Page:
In this 1988 film that spawned a hit Broadway musical and then a film based on that musical, John Waters tells the story of a 1962 Baltimore on the edge of integration.
"Pleasantly plump" teen Tracy Turnblad finally achieves her dream of becoming a member of the Corny Collins council. She quickly uses her fame as a tool to speak out against segregation. However, in doing so she must face head-to-head with Amber Von Tussle, the former star of the Corny Collins Show, and Amber's conniving, racist parents. Their rivalry reaches its greatest point when Tracy and Amber compete for the title of Miss Auto Show 1963.
Full of '60s hairdos (and hair-don'ts), a catchy soundtrack, and an uplifting message of acceptance, it's easy to see how Hairspray became such a successful franchise. That being said, I can't help but wonder how such a truly terrible script made it past the studio executives' desks. The dialogue stumbles, and at times it's hard to love even the main characters. In other scenes, it seems as if Waters was trying to set up such a stark contrast between the pro-integration and pro-segregation groups that he didn't bother making it realistic. For example, in the scene in which Penny's mother follows her daughter to the black neighborhood, she automatically assumes that the beggar asking for some spare change is going to mug her if she doesn't comply; she even runs screaming from the black cop in a patrol car. The issue of segregation was such a divisive and powerful one that it seems cheap for the film to simplify it in the film for a few laughs.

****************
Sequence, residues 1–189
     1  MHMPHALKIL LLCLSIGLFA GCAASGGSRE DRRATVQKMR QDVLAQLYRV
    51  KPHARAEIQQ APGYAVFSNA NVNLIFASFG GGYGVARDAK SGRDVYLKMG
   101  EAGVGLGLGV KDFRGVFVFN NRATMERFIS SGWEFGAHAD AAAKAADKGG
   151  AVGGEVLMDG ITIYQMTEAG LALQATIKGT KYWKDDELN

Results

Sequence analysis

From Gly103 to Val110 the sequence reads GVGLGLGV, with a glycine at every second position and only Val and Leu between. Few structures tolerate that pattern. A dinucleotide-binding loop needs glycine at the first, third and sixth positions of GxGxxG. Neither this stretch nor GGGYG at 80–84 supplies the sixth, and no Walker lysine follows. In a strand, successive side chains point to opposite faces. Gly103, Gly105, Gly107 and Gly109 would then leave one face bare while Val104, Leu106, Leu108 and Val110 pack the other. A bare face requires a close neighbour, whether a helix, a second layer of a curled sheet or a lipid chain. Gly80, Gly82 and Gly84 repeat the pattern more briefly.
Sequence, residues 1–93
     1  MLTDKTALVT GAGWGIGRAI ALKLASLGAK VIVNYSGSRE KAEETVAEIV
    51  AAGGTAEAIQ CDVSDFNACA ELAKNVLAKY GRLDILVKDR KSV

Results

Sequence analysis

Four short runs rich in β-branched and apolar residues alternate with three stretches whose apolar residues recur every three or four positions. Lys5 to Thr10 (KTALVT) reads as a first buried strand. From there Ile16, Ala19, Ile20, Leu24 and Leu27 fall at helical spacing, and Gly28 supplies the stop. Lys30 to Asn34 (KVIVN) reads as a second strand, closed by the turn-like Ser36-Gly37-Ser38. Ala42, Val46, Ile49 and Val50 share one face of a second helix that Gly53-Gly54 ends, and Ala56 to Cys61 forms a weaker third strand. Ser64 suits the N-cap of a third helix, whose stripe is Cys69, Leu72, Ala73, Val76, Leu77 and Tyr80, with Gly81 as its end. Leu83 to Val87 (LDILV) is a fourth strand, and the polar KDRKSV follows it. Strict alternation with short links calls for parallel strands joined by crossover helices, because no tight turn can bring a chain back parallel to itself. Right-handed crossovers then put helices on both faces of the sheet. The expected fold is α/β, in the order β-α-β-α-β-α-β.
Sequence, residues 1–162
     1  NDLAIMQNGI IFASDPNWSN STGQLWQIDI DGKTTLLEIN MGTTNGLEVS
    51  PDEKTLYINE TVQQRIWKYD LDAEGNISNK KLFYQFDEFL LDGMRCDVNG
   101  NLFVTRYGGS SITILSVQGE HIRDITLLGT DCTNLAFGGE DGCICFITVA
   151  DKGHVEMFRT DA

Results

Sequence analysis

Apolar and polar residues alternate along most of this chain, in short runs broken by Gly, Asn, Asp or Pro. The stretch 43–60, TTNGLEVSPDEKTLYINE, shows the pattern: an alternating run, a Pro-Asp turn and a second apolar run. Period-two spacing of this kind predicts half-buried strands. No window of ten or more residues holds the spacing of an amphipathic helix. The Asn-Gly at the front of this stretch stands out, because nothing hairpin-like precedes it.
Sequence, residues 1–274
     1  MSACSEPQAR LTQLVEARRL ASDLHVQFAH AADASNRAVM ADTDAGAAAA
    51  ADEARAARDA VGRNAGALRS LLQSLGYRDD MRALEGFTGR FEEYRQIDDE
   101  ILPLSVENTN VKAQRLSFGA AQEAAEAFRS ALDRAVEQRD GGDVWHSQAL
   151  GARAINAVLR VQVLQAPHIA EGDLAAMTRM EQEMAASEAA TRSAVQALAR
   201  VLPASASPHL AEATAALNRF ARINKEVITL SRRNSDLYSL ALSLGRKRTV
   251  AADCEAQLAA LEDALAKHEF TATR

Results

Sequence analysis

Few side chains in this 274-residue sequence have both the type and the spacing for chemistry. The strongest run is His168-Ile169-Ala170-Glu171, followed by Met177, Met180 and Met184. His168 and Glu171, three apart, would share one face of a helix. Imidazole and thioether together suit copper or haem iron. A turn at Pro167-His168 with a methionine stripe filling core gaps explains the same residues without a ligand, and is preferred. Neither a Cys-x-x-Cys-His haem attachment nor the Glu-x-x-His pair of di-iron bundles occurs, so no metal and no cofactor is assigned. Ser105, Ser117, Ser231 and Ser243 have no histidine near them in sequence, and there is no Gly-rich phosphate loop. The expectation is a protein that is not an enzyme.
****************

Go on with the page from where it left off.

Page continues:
Still, it was good to see how Hairspray evolved over the last two decades; many of the lines became the basis for some of the musical's most popular numbers, and both the film and the musical leave viewers with a smile on their faces and a song in their hearts.